Extension and Ag Research News


The gluten protein in dough makes it strong.

Prairie Fare: Be Strong and Flexible Like Gluten

By Julie Garden-Robinson, Food and Nutrition Specialist

NDSU Extension

“They’re staring at me,” I texted my husband.

I felt like a guppy in a small fishbowl.

I was at my desk on campus after hours preparing to do a live food demonstration on Zoom. My audience was a group of nearly 20 4-H’ers in their home kitchens.

Many arrived at the Zoom call early. I was setting up my desk area with my computer camera on, and I was wearing my headset and mic. I moved a small table near my desktop computer.

They were excited to get a closer look at what I was doing.

One girl had her eye right up to her camera. A blinking eyeball was all I saw in her participant screen. That was a bit disconcerting.

We were going to make homemade flour tortillas together. My ingredients, bowls, measuring cups, rolling pin and a griddle were arranged in front of me. I also had a bucket of warm water and some towels to clean my hands and desk. A sink in my office would be handy these days.

We are nearly at the first anniversary of the beginning of the COVID-19 pandemic. Like everyone else, I have had to figure out how to make a challenging situation work to the best of my ability.

We mixed the dough and then rolled it into small balls. Then we flattened the dough into circles with a rolling pin and cooked it on a griddle.

The kids had great fun punching and stretching their dough. As I watched them, this activity seemed like a metaphor for what we have gone through in the past year.

The strong dough was made possible by the gluten protein it contained. Gluten is found in grains such as wheat, rye and barley.

When we form dough, we create “gluten,” a protein-rich matrix made up of two components called glutenin and gliadin.

Glutenin provides the elastic properties to dough. It will spring back when it is kneaded. Glutenin’s elastic nature lends its strength to form a framework for bread products.

Gliadin provides the extensibility. When making bread, this stretchiness provides bread with the ability to rise.

I think we have needed some inner strength as well as flexibility to get through the past year.

“Gluten” is not well understood by many consumers. We see “gluten free” on many food products. We might think that gluten must be avoided by everyone. The vast majority of the population can consume gluten-containing foods without issues.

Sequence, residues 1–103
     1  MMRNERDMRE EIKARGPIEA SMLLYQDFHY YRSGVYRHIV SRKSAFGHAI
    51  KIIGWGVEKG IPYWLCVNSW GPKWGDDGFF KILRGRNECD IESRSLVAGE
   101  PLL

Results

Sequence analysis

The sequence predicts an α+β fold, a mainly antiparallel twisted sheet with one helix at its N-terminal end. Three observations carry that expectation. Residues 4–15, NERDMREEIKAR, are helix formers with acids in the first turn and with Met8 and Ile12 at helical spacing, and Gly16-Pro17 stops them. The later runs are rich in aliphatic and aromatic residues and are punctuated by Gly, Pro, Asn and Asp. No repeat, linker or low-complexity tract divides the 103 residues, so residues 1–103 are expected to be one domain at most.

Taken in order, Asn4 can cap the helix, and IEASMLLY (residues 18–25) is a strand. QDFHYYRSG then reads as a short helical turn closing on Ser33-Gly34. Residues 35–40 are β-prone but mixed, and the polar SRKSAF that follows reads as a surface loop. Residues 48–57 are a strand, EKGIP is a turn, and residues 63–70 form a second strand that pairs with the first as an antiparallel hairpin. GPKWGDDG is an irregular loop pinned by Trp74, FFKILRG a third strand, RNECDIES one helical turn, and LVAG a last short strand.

However, people with celiac disease need to avoid gluten. The gliadin component is the most problematic and it triggers an immune reaction in people with celiac issues.

An estimated 1% of the population has celiac disease, according to the Celiac Disease Foundation at https://celiac.org. This means that more than 3 million people in the U.S. must avoid gluten in foods. They also need to avoid other gluten-containing items they might swallow, such as gluten-containing toothpaste, mouthwash or glue on some envelopes.

People who are female, Caucasian and of European descent appear to have a greater risk of celiac disease. Those with celiac disease might experience one or more of 300 different symptoms, including abdominal pain, bloating, diarrhea, damage to their intestines and skin rashes. Unless treated, celiac disease can have many long-term health consequences.

People who are gluten-sensitive have similar symptoms but usually do not have the damage to their intestines. Remember that issues with gluten should be diagnosed with the help of qualified professionals, not on your own. The Celiac Foundation has resources to help.

I don’t think any of my young tortilla makers had issues with gluten. They munched happily on their tortilla creations within an hour of us starting with the ingredients.

They were able to list many potential toppings for tortillas, including taco meat and cheese, or peanut butter and bananas. I was thinking a warm tortilla spread with a little butter and sprinkled with cinnamon and sugar would be a tasty dessert.

You might enjoy making homemade tortillas. Think about your inner strength and flexibility as you manipulate the dough.

Homemade Flour Tortillas

1 1/2 c. all-purpose flour (or use half whole wheat)
1/2 tsp. salt
1/2 tsp. baking powder
1/2 c. hot water (about 110 F)
2 Tbsp. cooking oil

Mix flour, salt and baking powder in a mixing bowl. Add hot water and oil. Knead the dough with your hands in the bowl until a smooth dough is formed. Form the dough into a disk in the bowl. Cover with a damp paper towel or kitchen towel. Allow to rest for 10 minutes. Cut the dough into six even wedges. Roll the dough into balls. Lay a piece of waxed paper on the counter, spray with cooking spray and place one dough ball in the center. Cover the dough ball with a second piece of waxed paper. Use a rolling pin or a soup can to roll the piece of dough into a circle about 4 or 5 inches across. If your dough is too sticky, add more flour to the rest of the dough balls. Heat a nonstick skillet on medium heat. Peel the tortilla away from the waxed paper and cook for about one to two minutes. Flip with a turner and cook the other side for about one to two minutes. The time will vary depending on how hot the pan or griddle is. Repeat.

Makes six tortillas. Each tortilla has 140 calories, 5 grams (g) fat, 3 g protein, 22 g carbohydrate, 1 g fiber and 250 milligrams sodium.

(Julie Garden-Robinson, Ph.D., R.D., L.R.D., is a North Dakota State University Extension food and nutrition specialist and professor in the Department of Health, Nutrition and Exercise Sciences. Follow her on Twitter @jgardenrobinson)

NDSU Agriculture Communication - Feb. 11, 2021

Source: Julie Garden-Robinson, 701-231-7187, julie.garden-robinson@ndsu.edu

Editor: Ellen Crawford, 701-231-5391, ellen.crawford@ndsu.edu




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